Units of phylocladistic and non-Linnaean classification - With a discussion of species, LITUs and complementarity – Niels Bohr Institute - University of Copenhagen

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Niels Bohr Institute > Calendar > 2009 > Lecture on philosophy ...

Units of phylocladistic and non-Linnaean classification - With a discussion of species, LITUs and complementarity

The traditional Linnaean system and its present rules of nomenclature are in direct conflict with modern phylogenetic systematics based on cladistic methods and here called 'phylocladistics'. Especially the absolute ranks (formal categories of which Species, Genus and Family are obligatory) are at odds with modern phylogenetic thinking, and should be abandonned completely. The basal units of the system, the terminal taxa - traditionally called 'species' - are discussed, and a replacement is suggested called LITU (Least Inclusive Taxonomic Unit). The role of the many different species concepts is discussed, and it is suggested that most of them are different aspects of the most general species concept, the 'evolutionary species concept' as based on a general lineage concept.

 

The several species definitions are seen as different operational criteria of being a species, and it is argued - following a suggestion by de Queiroz - that these many aspects of species have a 'complementary' relation to each other, probably in analogy with complementarity as employed in the 'Copenhagen interpretation' of quantum physics by Niels Bohr. The latter complementarity is associated with the wave-like versus particle-like aspect of the behaviour of electrons under different observational conditions, and the two aspects are mutually exclusive, but both necessary and sufficient for a complete description of the experimental observations. Bohr was convinced that complementary descriptions were valid in all sciences, in fact, a central feature of all human communication, and he most often used biology and psychology as examples.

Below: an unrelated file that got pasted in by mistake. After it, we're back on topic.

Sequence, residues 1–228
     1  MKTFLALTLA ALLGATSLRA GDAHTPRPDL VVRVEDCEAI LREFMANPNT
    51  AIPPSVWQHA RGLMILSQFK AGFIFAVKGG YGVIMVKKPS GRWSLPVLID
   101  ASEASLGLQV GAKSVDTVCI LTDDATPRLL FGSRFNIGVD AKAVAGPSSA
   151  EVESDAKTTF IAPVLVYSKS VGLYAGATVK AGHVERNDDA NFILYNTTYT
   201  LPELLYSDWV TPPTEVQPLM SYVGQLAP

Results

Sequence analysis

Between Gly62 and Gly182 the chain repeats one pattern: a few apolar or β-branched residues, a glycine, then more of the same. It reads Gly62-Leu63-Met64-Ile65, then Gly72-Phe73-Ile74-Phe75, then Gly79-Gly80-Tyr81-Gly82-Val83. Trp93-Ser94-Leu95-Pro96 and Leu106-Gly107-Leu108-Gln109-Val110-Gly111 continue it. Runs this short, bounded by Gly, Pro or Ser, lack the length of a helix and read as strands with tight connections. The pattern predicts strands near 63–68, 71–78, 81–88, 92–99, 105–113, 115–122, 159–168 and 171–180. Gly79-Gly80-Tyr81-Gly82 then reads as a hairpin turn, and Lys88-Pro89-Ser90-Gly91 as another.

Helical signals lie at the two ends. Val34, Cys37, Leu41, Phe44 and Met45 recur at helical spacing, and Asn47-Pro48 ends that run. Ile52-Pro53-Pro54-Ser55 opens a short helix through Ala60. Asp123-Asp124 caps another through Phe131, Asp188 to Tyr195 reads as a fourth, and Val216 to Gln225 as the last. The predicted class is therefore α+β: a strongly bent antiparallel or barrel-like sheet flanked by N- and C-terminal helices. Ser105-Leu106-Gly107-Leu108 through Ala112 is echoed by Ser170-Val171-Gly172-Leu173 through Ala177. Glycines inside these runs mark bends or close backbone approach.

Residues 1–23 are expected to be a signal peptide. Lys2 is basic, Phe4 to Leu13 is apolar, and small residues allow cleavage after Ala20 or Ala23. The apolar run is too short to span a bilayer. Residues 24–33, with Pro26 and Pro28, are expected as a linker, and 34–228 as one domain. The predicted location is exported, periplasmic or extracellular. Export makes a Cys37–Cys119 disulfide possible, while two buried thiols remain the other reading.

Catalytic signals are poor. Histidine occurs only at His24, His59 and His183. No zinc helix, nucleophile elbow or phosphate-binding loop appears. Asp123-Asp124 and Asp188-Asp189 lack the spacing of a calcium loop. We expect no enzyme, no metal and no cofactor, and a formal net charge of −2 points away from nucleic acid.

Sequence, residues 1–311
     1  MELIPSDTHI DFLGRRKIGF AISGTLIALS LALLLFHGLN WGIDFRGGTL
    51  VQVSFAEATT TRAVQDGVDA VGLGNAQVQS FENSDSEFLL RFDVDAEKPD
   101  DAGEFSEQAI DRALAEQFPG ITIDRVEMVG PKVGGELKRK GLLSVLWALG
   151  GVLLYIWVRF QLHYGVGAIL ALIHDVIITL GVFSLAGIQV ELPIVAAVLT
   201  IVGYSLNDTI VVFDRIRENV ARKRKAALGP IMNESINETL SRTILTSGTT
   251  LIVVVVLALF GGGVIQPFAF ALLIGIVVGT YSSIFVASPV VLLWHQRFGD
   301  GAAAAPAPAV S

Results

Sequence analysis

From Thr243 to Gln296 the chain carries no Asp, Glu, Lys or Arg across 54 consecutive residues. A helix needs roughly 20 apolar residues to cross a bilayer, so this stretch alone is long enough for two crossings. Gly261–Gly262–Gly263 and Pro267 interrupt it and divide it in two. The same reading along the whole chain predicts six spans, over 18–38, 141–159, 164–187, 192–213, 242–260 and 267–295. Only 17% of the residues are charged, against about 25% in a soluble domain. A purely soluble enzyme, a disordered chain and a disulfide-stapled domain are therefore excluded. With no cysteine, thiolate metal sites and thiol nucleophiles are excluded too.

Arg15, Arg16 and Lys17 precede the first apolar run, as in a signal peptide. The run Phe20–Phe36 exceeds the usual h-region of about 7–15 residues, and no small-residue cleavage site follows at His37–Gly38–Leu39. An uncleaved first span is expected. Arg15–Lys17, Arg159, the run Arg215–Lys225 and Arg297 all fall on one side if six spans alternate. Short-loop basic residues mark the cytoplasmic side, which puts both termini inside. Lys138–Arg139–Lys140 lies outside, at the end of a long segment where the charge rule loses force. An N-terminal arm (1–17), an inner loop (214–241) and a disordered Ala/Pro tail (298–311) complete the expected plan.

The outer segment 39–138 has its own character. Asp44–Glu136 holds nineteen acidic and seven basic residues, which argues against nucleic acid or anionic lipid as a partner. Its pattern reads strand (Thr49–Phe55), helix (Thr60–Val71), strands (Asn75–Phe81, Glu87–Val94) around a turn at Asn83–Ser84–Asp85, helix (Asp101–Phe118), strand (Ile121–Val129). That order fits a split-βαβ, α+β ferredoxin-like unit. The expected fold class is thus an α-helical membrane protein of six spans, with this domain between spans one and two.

The possibility of using complementarity viewpoints in biology is explored, particularly concerning 'species' and phylogeny. It is suggested that there is transition from a more imprecise and 'vague' use of complementarity in daily language (more than two aspects, not mutually exclusive, no claim of 'completeness') via some also less restrictive employments in biology (no completeness, some overlapping aspects), to some other situations in biology approaching the conditions in physics, and finally to the very restrictive situation in quantum mechanics with well defined experimental set up and measurements demanding dualistic, mutually exclusive complementarity for a complete description. So Bohr was at least partly right, and this complementarity viewpoint should be scrutinized more closely in biology and other sciences.

A hierarchic, non-Linnaean, phylogenetic system based on cladistic methodology, a 'phylocladistic' system, is suggested with taxa free of formal rank categories, but in stead attributed ages, with LITUs with a single name as terminal taxa, as anagenetic stages and sometimes as ancestors, and with many novel, but simple conventions for a precise transformation from a phylogenetic tree. Such system is based mainly, but not exclusively, on taxa being monophyletic clades, and is therefore called a 'cladification' as opposed to a 'classification' of classes. The status of LITUs, species and clades as individuals and/or 'natural kinds' is discussed.

 

 

You are welcome to contact Niels Bonde for additional background material.